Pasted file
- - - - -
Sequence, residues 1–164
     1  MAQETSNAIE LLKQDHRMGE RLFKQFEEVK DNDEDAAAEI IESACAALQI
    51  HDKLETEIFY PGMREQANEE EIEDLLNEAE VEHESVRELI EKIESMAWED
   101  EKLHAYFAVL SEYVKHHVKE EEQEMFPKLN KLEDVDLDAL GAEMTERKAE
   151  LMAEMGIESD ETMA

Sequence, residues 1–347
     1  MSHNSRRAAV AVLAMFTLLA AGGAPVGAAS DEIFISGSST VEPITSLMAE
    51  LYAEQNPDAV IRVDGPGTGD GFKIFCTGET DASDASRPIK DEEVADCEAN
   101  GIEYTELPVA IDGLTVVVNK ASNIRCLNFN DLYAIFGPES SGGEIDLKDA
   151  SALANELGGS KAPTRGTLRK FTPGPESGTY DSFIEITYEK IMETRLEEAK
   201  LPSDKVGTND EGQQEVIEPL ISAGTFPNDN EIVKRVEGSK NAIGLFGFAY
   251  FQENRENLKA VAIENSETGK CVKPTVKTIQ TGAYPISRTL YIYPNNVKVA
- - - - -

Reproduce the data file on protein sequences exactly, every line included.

Sequence, residues 1–164
     1  MAQETSNAIE LLKQDHRMGE RLFKQFEEVK DNDEDAAAEI IESACAALQI
    51  HDKLETEIFY PGMREQANEE EIEDLLNEAE VEHESVRELI EKIESMAWED
   101  EKLHAYFAVL SEYVKHHVKE EEQEMFPKLN KLEDVDLDAL GAEMTERKAE
   151  LMAEMGIESD ETMA

Sequence, residues 1–347
     1  MSHNSRRAAV AVLAMFTLLA AGGAPVGAAS DEIFISGSST VEPITSLMAE
    51  LYAEQNPDAV IRVDGPGTGD GFKIFCTGET DASDASRPIK DEEVADCEAN
   101  GIEYTELPVA IDGLTVVVNK ASNIRCLNFN DLYAIFGPES SGGEIDLKDA
   151  SALANELGGS KAPTRGTLRK FTPGPESGTY DSFIEITYEK IMETRLEEAK
   201  LPSDKVGTND EGQQEVIEPL ISAGTFPNDN EIVKRVEGSK NAIGLFGFAY
   251  FQENRENLKA VAIENSETGK CVKPTVKTIQ TGAYPISRTL YIYPNNVKVA